On Linux I use Vim, which also has an extensive collection of extensions. As a bonus, Vim works on just about any platform as well, and even without an X server.

        1. chuBb. Bronze badge

          the debugging and ability to have a pretty decent (no worse than workbench but thats a low bar) query runner for mysql swung it for me, along with the wordpress extension makes it less braindamaging to support, at least i dont have to learn the bodge that is wordpress and its obsession with no forward progress incase it breaks a 10 year old abandoned plugin some gimp's blog with 20 unique visitors ever (15 are bots) relies on, while i could do all of that in npp its just a cleaner and less clunky experience in vscode, same is true with dealing with json xml and increasingly js files.

          But then like i said before as soon as im dealing with the more operational aspects of my jobs npp is my goto editor

    4. ThomH

      In my company, VS Code is standard issue because (i) it's platform agnostic; and (ii) it has good ssh support — a local instance can use ssh to fetch and store remote files, and to build, run and debug remotely.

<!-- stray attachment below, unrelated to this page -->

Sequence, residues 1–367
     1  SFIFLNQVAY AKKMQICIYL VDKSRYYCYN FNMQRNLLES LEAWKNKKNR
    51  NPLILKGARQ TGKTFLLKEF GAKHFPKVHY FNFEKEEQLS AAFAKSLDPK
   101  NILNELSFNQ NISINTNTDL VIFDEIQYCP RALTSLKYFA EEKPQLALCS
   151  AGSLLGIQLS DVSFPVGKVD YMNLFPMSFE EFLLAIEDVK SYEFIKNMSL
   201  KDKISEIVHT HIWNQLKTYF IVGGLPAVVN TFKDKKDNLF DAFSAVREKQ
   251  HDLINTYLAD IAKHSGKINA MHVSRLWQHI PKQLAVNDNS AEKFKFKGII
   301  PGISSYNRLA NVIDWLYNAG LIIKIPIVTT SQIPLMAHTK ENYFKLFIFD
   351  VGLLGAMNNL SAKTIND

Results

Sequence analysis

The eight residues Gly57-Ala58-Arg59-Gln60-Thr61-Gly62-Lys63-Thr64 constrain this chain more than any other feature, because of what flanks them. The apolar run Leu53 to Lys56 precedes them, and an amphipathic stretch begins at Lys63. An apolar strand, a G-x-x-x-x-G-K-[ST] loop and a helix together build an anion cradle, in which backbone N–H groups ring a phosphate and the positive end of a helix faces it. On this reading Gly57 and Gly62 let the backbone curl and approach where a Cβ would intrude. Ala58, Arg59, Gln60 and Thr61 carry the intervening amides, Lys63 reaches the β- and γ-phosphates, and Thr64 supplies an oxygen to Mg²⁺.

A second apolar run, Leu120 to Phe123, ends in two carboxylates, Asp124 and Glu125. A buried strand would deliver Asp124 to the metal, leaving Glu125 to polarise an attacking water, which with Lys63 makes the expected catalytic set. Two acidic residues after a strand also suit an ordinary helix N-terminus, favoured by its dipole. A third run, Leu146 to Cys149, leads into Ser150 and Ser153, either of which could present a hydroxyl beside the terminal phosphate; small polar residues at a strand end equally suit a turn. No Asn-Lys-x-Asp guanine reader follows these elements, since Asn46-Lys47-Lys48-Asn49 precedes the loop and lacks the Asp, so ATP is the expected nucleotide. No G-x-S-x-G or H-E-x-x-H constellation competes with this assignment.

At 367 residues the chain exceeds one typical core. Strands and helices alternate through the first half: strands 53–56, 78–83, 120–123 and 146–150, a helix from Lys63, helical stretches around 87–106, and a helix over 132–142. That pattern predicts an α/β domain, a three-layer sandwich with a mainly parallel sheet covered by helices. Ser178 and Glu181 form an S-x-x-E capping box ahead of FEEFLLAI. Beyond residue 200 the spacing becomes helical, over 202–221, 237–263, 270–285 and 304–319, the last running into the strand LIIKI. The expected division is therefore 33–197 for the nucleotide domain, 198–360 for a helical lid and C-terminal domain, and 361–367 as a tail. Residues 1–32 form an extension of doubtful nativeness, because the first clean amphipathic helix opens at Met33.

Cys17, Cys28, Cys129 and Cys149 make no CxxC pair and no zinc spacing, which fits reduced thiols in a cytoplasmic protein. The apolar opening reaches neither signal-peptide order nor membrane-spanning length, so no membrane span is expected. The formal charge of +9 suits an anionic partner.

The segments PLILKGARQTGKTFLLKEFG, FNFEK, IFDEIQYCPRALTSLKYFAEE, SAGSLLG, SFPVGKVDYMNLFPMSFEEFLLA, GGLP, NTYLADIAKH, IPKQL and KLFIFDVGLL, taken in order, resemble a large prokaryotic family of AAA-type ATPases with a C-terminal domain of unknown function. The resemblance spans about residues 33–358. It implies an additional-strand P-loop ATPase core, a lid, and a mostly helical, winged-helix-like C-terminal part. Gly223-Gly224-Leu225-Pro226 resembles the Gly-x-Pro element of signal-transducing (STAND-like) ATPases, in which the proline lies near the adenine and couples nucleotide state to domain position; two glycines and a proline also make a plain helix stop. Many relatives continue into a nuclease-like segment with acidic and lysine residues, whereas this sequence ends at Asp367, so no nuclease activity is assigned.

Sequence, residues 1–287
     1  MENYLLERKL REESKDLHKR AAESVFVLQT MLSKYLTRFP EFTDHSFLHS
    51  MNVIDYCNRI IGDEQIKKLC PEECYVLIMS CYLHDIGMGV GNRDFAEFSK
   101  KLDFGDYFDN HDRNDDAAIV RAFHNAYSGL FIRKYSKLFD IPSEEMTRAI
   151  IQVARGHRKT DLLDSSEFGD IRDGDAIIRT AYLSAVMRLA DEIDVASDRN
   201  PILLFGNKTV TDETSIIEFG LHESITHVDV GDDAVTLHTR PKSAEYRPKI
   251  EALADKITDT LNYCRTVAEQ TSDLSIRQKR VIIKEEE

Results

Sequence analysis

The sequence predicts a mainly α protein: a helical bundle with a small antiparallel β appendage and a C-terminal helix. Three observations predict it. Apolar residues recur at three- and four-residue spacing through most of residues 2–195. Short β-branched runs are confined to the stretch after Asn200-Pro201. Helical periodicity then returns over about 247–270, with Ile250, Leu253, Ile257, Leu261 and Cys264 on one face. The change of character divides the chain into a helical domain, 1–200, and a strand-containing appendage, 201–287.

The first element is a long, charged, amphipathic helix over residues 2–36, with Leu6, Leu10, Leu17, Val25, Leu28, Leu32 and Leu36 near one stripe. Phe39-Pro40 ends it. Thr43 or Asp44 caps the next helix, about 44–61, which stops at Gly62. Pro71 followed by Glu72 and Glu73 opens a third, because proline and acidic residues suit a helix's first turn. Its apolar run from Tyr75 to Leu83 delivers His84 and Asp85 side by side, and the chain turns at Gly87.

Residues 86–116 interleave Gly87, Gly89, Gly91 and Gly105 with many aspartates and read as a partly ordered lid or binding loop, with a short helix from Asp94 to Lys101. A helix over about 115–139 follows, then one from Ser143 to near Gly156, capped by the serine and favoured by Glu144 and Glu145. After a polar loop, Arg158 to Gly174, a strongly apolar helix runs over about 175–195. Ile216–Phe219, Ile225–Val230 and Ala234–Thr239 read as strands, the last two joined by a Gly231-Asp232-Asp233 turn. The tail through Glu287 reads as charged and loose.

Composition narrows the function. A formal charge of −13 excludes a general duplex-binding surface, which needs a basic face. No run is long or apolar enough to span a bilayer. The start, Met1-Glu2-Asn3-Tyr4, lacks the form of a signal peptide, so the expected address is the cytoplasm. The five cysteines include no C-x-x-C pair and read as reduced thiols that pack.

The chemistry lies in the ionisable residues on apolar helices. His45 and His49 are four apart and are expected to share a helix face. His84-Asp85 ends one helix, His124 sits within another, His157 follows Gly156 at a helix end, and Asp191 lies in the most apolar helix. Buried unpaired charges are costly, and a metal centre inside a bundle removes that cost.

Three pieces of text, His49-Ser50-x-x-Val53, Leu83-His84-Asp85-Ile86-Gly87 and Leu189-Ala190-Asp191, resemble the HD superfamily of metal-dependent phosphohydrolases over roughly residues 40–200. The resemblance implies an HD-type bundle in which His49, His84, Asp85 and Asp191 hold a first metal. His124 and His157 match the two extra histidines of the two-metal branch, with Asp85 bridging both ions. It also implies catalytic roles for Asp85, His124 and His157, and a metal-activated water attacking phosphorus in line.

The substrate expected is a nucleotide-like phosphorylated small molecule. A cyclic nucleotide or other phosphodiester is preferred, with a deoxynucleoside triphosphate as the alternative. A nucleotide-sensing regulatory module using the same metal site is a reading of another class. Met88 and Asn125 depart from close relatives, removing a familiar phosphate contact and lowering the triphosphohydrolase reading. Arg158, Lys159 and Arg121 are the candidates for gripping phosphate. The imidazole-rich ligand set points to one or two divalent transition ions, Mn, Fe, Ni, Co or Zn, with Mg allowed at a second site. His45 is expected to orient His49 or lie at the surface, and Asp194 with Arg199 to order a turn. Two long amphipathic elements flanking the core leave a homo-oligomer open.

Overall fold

So most of us use Macs while developing big server software on big Linux servers. Compared to my previous employer in the same line of work that had us using painful remote X11 sessions from our not-the-server devices, it's an improvement of maybe 10,000%.

  3. Anonymous Coward
    Anonymous Coward

    Too hard

    According to team member Benjamin Pasero: "I would not say that this is technically impossible but what I can say is that this feature request is both very challenging because of the UI impact and because of the fundamental change it requires to each aspect of what we have today,"

    That's a bit of an unfortunate situation to be in: fundamental and very challenging changes required to add multi-window support. I can only assume that this was a waterfall project, because only they fail in that way. Apparently.

    1. Andy Denton

      Re: Too hard

      No, it's because of a limitation in Electron, the tool they use to develop VSCode, nothing at all to do with the development process.